Philly Boxing Twitter - @phillyboxing

John DiSanto Twitter - @johndisanto

First and foremost I would like to thank my guest John DiSanto for sitting down at the Veteran Boxers Association Ring One to talk boxing with me. 

I would also like to thank the members of the band Replicant and my guest announcer Nigel Corning Browning for stopping by the One Stone Recording and Mastering Studio to be a part of this milestone episode. You can check out all things Replicant via the following link: 

This episode would not have been possible if it had not been for the technical support of my good friend Peter Lloyd of One Stone Recording and Mastering. Pete mixed and cleaned up the original recordings into the great episode that you can now stream on SoundCloud.

Last but certainly not least, I would like to thank all of my readers and listeners - Especially our friend JP Favara who supports the MWHE on Patreon

YOU can also support the MWHE on Patreon!

The Matt Ward History Experience is brought to you by One Stone Recording and Mastering in New Brunswick, NJ. Check out One Stone Recording and Mastering for all of you mixing and mastering needs. Go to and receive 10% off your first session!

One Stone Recording and Mastering:


Friday, November 11, 2016

Happy Veterans Day!

Happy Veterans Day to my brothers and sisters in arms, both past and present!

The second photo is a photo of yours truly at Kuwait Naval Base during my 2010-2011 deployment with the U.S. Army.


Monday, November 7, 2016

Two Year Anniversary!

Two years ago, the Matt Ward History Experience launched!

Thank you to all of my readers, listeners, and podcast guests for your support!

Here's to many more years of the MWHE!


Your friend,


Wednesday, November 2, 2016

University of Pennsylvania Quakers Football

Franklin Field 
235 S. 33rd St.
Philadelphia, PA 19104

The Matt Ward History Experience traveled to Franklin Field in Philadelphia, Pennsylvania for the fifth stop on the 2016 College Football History Tour. The University of Pennsylvania Quakers hosted the Brown University Bears (Providence, Rhode Island) on October 29th.

Founded in 1876, the University of Pennsylvania Quakers football team bills itself as "college football's most historic program." Over their long history, Penn has played in over 1,300 football games, more than any school in college football. Penn plays its home games at Franklin Field, the oldest stadium in football. The stadium was built in 1895, and once served as the home of the NFL's Philadelphia Eagles from 1958-1970. Franklin Field has also been the home of the Penn Relays, the oldest and largest track and field competition, since 1895.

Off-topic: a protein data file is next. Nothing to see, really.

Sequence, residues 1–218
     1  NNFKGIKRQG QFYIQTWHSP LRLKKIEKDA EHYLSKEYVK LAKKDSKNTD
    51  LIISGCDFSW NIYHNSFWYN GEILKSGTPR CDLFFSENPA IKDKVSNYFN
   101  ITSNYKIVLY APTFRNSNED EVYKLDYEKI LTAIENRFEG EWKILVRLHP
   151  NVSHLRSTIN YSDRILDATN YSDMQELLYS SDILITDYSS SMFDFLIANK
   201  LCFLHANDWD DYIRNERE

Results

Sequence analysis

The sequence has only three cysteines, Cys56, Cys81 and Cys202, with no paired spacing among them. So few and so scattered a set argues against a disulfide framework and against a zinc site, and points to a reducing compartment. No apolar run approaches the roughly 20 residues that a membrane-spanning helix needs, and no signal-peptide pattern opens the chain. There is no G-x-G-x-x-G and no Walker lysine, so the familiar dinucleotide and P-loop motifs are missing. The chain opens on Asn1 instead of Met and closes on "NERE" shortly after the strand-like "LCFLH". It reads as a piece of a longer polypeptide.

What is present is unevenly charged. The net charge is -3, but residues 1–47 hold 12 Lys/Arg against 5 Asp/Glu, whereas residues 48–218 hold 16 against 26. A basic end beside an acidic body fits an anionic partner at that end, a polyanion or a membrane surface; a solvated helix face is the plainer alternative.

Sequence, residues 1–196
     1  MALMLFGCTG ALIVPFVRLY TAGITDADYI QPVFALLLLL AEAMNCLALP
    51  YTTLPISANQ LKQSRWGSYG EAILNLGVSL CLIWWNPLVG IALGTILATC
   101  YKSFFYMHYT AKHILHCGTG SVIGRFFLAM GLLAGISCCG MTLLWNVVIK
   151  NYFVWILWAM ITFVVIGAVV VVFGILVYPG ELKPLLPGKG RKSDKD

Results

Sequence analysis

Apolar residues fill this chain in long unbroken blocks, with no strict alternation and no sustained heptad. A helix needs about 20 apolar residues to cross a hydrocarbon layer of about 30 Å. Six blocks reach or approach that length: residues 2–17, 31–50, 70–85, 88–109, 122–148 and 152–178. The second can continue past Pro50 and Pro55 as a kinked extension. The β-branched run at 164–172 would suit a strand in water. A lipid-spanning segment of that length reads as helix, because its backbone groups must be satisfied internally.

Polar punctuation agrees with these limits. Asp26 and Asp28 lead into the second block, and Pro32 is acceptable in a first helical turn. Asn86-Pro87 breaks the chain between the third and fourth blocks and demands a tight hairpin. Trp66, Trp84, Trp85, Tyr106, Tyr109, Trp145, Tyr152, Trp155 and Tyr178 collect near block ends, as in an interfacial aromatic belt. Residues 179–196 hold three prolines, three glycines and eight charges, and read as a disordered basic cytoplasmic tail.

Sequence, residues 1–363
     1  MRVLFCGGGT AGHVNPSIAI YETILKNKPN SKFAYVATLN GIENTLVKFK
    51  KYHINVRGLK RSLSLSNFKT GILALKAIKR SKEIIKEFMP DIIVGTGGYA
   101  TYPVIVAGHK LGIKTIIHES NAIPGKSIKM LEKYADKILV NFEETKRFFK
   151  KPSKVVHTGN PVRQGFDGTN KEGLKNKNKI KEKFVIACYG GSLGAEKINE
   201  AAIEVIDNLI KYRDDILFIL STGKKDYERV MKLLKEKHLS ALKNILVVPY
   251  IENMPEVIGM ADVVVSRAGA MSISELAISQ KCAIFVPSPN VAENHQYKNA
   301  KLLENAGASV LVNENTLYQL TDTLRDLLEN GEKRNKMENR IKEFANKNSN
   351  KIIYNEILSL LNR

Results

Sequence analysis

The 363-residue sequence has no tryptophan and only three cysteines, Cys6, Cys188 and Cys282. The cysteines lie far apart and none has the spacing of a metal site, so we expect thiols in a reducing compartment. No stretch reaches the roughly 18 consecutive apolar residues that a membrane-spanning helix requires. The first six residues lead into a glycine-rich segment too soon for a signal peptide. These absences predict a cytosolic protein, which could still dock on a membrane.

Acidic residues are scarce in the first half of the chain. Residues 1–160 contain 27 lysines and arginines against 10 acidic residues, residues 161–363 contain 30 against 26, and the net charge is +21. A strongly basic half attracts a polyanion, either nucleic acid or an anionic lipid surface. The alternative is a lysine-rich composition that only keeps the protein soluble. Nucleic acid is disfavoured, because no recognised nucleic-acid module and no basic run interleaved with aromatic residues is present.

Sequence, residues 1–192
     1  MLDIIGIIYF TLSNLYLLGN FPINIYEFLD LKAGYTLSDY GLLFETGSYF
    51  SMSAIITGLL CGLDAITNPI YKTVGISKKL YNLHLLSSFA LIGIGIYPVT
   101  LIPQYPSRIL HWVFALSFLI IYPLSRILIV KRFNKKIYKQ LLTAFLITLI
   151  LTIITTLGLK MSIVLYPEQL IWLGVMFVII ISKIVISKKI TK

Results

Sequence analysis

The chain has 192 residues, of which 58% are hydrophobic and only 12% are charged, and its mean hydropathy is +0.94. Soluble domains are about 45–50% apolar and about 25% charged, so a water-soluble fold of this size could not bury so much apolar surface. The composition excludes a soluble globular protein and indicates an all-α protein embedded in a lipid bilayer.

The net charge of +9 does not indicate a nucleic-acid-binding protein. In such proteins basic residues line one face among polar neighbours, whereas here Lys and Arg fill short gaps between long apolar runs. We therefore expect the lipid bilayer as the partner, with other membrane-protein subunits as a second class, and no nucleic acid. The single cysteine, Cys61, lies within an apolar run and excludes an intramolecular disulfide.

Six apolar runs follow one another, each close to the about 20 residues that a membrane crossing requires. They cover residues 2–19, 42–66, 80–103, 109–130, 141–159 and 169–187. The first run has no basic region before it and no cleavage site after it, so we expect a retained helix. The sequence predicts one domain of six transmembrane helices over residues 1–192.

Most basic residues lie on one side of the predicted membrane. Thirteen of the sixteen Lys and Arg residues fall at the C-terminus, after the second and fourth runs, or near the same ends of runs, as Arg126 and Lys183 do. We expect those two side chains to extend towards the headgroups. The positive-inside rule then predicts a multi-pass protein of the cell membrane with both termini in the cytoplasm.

Penn football has seven national championships (1894, 1895, 1897, 1904, 1907, 1908, 1924), and a 1917 Rose Bowl Game Championship. The Quakers defeated Oregon 14-0 on New Year's Day to capture this title. From 1938 to 1953, George Munger served as head coach of Penn football. Along with coaching some of the best players in the program's history, Munger compiled an outstanding record of 82-42-10.

The Quakers competed as an Independent until the 1956 season when they joined the Ivy League, a conference that they continue to compete in today. Penn captured its first Ivy League Championship in 1959. Penn has captured a total of 17 Ivy League Championships, with the most recent title coming in 2015 under head coach Ray Priore.

Penn football has had a number of notable players over the years, including 63 First Team All-Americans. John Heisman, the namesake for the annual trophy given to the best player in college football, graduated from Penn in 1892. Heisman played for the Quakers from 1890 to 1891, and coached the team from 1920 to 1922.

The Maxwell Award is given out to the collegiate player of the year. As of 2016, three Penn players have received this honor including Bob Odell (1943), Chuck Bednarik (1948), and Reds Bagnell (1950). Penn also has its share of College Football Hall of Fame and Pro Football Hall of Fame members, including Chuck Bednarik (Class of 1949) who was inducted in both halls of fame.

Below are a few more photos, along with two links with more information on the history of Penn football: